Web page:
I’ve always been serious, even as a child. Having a very emotionally stunted and traumatized parent meant that I took on the role of adult early on, and I never lost that burden of responsibility. By the time I realized why I am the way I am, I was well into my thirties.
No wonder I rebel against authority and responsibility. No wonder, despite my independence and assured capability, I secretly wish someone would come around to take care of me for a change. I’ve long carried resentment because I didn’t really get to be a kid. I used to feel bad about myself for wanting a break from adult life, not understanding where that urge comes from. I thought I was lazy or ungrateful, but really I’ve been operating in a grown-up state of mind from a very young age. I’m just burnt out.
As an adult, embracing my silliness and sense of play has been extraordinarily difficult. It’s tough to bring in something that I don’t remember ever experiencing – pure wonder and curiosity with no sense of anxiety or responsibility attached. I want to be light. I want to be fun. It doesn’t come to me easily. I know that it’s deep inside me somewhere but I have not felt safe to play for a very long time now. Maybe I never did.
As an adult, I’ve consistently chosen partners who fit my trauma bonds. They’ve either been so childish that I was once again stuck in the parenting role, or they have not made me feel safe to embrace my own silly side, mocking me or judging me for it. That certainly hasn’t helped me get in touch with the little girl I once was, the one that existed before the weight of responsibility, worry and stress.
If you feel resonance with this, if you cannot seem to connect with that innocent playful self – there is nothing wrong with you! Think about all the years that you lived in survival mode, your nervous system on high alert, just doing what you could to get by. Of course it isn’t easy to get past that. It’s become your normal. It isn’t your fault. I promise you that. It isn’t your fault, and you are not broken.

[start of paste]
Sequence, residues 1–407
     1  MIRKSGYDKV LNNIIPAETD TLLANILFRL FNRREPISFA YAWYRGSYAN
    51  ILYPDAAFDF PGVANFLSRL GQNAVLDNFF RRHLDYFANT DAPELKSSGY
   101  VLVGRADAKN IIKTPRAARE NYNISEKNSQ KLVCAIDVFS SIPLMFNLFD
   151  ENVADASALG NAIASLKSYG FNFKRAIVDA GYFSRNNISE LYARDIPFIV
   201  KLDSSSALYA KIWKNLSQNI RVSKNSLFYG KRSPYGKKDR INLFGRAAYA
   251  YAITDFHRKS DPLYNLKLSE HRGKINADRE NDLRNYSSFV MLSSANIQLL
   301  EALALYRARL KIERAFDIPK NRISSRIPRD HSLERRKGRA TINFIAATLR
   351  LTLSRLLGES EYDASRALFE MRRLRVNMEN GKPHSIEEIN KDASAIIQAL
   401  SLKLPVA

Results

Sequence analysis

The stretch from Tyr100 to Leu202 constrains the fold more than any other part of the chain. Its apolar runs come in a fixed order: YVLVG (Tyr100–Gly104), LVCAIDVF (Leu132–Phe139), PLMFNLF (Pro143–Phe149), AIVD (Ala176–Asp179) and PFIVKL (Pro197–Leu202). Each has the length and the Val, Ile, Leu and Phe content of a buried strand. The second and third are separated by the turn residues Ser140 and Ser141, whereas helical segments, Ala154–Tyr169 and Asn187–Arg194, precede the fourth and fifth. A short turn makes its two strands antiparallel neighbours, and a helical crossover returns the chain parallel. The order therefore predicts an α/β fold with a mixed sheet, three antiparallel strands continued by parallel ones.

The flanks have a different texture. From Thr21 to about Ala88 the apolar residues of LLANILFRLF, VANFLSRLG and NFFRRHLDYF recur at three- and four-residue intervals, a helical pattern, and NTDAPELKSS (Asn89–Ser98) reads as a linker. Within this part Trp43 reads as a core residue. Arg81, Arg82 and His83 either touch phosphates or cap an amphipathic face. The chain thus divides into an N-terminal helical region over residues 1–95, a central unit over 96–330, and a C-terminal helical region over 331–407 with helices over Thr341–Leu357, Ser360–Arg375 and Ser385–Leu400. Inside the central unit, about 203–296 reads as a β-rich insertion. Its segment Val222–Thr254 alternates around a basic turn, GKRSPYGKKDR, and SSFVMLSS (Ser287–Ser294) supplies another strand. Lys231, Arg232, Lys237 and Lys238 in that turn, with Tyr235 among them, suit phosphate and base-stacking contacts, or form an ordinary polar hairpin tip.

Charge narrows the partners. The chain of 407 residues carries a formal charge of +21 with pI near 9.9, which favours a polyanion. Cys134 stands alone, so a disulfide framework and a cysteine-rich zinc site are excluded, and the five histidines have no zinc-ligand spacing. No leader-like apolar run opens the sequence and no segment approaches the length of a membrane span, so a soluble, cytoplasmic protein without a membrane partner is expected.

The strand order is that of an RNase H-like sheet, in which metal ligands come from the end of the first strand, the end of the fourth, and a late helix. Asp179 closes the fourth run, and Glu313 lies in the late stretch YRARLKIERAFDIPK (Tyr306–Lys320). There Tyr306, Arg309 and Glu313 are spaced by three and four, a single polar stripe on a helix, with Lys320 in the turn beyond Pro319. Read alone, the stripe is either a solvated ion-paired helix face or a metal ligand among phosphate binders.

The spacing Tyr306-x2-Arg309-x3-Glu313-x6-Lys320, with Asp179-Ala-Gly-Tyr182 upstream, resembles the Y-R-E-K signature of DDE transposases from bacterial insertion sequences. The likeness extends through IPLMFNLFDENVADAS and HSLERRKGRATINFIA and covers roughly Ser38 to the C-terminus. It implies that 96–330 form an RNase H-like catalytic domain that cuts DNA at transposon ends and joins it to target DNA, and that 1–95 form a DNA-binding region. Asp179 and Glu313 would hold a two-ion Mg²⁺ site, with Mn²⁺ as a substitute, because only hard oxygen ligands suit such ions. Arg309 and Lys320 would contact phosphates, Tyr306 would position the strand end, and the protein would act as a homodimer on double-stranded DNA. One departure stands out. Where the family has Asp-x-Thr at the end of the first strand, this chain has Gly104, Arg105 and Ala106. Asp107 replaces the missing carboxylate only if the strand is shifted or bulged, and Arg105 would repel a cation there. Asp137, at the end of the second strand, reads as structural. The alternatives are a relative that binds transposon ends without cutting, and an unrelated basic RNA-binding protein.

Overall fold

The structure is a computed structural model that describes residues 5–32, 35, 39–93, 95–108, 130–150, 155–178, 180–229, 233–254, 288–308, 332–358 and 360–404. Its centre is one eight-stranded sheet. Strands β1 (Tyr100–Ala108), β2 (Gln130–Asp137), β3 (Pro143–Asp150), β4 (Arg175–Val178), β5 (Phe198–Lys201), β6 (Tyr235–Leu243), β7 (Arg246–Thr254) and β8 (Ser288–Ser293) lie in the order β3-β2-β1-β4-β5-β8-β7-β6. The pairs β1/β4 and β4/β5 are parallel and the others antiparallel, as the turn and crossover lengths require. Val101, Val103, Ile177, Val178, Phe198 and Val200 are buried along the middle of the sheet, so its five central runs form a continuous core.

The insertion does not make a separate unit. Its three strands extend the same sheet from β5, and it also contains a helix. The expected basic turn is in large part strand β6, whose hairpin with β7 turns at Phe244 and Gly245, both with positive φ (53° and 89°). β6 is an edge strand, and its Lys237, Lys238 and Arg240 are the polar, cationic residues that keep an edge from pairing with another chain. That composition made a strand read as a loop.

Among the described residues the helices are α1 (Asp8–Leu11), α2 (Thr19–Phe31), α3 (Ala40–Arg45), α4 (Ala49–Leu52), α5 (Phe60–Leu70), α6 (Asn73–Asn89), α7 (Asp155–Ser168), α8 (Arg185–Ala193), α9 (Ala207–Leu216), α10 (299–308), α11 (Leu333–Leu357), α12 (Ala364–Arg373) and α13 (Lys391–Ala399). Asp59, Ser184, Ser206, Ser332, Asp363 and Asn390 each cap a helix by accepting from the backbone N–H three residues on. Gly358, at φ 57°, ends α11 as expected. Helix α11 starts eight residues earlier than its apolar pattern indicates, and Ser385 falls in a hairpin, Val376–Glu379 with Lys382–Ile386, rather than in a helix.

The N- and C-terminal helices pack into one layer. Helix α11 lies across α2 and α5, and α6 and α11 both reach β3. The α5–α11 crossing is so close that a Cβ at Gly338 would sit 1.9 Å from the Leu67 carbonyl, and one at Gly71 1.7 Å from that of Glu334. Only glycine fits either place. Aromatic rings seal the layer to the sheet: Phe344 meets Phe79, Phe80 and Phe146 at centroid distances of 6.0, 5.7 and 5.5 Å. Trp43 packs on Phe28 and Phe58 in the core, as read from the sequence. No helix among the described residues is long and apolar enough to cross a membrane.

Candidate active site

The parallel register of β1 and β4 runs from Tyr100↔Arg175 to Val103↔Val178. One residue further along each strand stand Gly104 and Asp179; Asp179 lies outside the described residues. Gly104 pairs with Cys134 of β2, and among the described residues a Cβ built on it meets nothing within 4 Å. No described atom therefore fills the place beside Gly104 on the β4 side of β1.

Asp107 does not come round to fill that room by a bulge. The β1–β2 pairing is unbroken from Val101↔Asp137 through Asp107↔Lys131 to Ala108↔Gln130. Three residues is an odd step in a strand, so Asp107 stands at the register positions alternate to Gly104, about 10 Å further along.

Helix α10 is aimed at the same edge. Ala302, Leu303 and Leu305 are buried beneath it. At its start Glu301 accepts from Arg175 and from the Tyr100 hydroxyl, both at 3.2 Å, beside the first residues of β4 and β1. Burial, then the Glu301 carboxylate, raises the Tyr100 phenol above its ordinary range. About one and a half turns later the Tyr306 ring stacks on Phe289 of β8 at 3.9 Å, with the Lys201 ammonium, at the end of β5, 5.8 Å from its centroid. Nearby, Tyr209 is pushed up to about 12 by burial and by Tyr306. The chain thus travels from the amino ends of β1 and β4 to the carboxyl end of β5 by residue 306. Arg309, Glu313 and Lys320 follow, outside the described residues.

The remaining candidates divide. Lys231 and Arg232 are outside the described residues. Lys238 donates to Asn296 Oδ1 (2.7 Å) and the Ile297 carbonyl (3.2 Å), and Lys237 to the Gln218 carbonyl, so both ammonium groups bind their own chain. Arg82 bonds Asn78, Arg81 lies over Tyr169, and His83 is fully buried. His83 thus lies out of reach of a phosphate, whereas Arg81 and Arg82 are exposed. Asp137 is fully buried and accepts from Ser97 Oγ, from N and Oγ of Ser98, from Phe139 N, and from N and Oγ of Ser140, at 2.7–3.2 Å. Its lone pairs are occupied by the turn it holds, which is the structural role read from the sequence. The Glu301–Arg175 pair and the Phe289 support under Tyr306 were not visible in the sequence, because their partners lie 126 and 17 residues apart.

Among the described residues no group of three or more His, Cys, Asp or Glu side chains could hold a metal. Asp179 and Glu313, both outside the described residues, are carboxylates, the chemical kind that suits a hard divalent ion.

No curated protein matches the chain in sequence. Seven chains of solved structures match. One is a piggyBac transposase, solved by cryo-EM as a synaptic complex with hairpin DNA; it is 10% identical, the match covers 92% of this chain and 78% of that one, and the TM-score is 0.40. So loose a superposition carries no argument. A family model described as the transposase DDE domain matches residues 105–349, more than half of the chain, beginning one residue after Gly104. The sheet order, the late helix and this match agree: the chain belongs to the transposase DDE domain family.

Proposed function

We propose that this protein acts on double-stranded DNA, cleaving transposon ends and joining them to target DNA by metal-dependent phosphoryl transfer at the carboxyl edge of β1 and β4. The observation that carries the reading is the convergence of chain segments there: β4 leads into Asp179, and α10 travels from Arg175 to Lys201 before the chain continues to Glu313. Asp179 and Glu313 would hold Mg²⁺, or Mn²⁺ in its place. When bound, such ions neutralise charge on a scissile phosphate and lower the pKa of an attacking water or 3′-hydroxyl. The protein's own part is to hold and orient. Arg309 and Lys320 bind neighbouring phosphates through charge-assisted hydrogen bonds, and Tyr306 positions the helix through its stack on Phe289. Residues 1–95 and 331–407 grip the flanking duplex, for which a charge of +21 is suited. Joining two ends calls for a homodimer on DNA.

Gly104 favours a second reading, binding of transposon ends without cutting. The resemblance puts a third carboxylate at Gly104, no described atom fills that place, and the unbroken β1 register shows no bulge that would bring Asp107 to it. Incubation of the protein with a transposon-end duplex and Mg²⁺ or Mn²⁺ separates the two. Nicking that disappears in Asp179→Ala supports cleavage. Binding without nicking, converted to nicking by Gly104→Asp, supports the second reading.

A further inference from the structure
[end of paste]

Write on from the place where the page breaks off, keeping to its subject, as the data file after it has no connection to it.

I understand the feeling, the feeling of being off, or alien, or someone that doesn’t quite belong. I struggle to even have a conversation with a child. I don’t understand them. Why would I? I never got to be one. Why would I want to engage in childlike activities? I grew up so fast that I don’t know when I ever did.
If any, or all, of this is landing for you, I just want you to know you aren’t alone. Not having a connection to your inner child doesn’t make you crazy, or insensitive, or cold. It’s another symptom of the trauma you experienced that was not your doing. Your beautiful, sweet, pure little self deserved better. They deserved to learn, create, play and explore with no strings attached, no disapproval in the background. You deserved that, and I’m sorry that you didn’t get it.
You matter. Your feelings matter, your trauma matters, and your history matters. Now the work is, can you start to allow yourself to embrace play? If you can find safety in situations with people who are happy to explore and discover alongside you, that’s a great beginning. Put yourself in the way of curiosity, discovery, and ways you can explore your silly side comfortably. It’ll feel weird at first. It certainly does for me. I do think it’s a powerful tool to reclaim an essential part of yourself that’s buried and suppressed. It’ll make your life more fun – and we all need that, right?
There’s nothing wrong with you because you’re serious, but there is so much more to you if you are willing to explore. I hope that we can all someday finally feel safe to play. There is healing power there if we can access it and find the vulnerability to let it in. Your inner child deserves to feel safe to express fully. You are so beautiful in your individuality. I love you.